Teachers' Festival Day 1 30/01/2015

The Teachers’ Festival saw an engrossing first day with promises of more to come over the remaining two days. With the venue for today, the ‘shed’ in MHS, filled to capacity with teachers and educationists from different institutions, one could not help but agree with one of the participants who observed, ‘It is all looking very festive and nice’. The generally austere ambience of the ‘shed’ seemed to have acquired a life of its own. A section dedicated to a guided walk through Teachers’ Projects and a self-operated audio-visual looped presentation on ‘Decision-making in Moments of Conflict’ added to the festive atmosphere.
The proceedings today began with a crisp introduction by Devi Kar, the Director of both MACE and MHS, followed by the keynote address by the eminent teacher, historian, and journalist, Prof. Rudrangshu Mukherjee. Speaking on the theme ‘What is Teaching’, Prof. Mukherjee underlined how the making of inquisitive and questioning minds should be the main concern occupying our teachers rather than the current focus on exam-oriented teaching-learning. The Q&A had the participants responding with immediate enthusiasm to Prof. Mukherjee’s call for ‘questioning minds’ with teachers and educationists from the audience seeking clarifications on the connections they made between their own work and Prof. Mukherjee’s insightful observations.
After a short-break with scrumptious savouries and hot beverages generously arranged for by 6, Ballygunge Place, Dr. Mohan Agashe held us mesmerised with a scintillating presentation on ‘Surgery of Education under the Anaesthesia of Entertainment’. The talk, interspersed with short films and Dr. Agashe’s inimitable sense of humour decried the excessive focus on cognitive development in our current school system. Mr. John Mason closed the session by emphasising that Dr. Agashe's talk on the need for ‘emotional communication’ as an integral part of school curriculum was indeed an appropriate start to the Teachers' Festival.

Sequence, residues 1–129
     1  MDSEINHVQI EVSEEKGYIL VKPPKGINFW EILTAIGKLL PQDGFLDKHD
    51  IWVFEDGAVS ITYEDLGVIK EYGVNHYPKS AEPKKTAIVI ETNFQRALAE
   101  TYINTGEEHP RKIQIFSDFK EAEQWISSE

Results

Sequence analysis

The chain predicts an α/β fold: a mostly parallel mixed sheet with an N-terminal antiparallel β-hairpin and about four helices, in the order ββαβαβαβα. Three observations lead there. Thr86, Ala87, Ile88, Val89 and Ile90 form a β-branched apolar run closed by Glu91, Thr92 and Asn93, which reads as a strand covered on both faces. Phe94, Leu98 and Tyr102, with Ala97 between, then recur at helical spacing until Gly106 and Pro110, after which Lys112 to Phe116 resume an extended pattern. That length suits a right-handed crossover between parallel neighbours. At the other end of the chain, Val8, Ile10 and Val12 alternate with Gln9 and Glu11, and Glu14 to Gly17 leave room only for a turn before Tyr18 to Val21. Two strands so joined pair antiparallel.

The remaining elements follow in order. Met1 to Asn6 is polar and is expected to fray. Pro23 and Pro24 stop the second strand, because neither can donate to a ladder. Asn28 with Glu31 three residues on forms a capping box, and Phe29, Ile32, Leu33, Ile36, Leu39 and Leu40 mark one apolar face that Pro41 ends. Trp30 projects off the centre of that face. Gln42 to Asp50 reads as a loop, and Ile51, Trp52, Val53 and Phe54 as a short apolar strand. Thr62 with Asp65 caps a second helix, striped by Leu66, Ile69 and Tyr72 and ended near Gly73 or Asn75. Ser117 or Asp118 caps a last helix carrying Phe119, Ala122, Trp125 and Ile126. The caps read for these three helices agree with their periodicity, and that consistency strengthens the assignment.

Teachers' Festival Day 1 30/01/2015

We had a great start to the Teachers' Festival which continues today and tomorrow!

The Teachers’ Festival saw an engrossing first day with promises of more to come over the remaining two days. With the venue for today, the ‘shed’ in MHS, filled to capacity with teachers and educationists from different institutions, one could not help but agree with one of the participants who observed, ‘It is all looking very festive and nice’. The generally austere ambience of the ‘shed’ seemed to have acquired a life of its own. A section dedicated to a guided walk through Teachers’ Projects and a self-operated audio-visual looped presentation on ‘Decision-making in Moments of Conflict’ added to the festive atmosphere.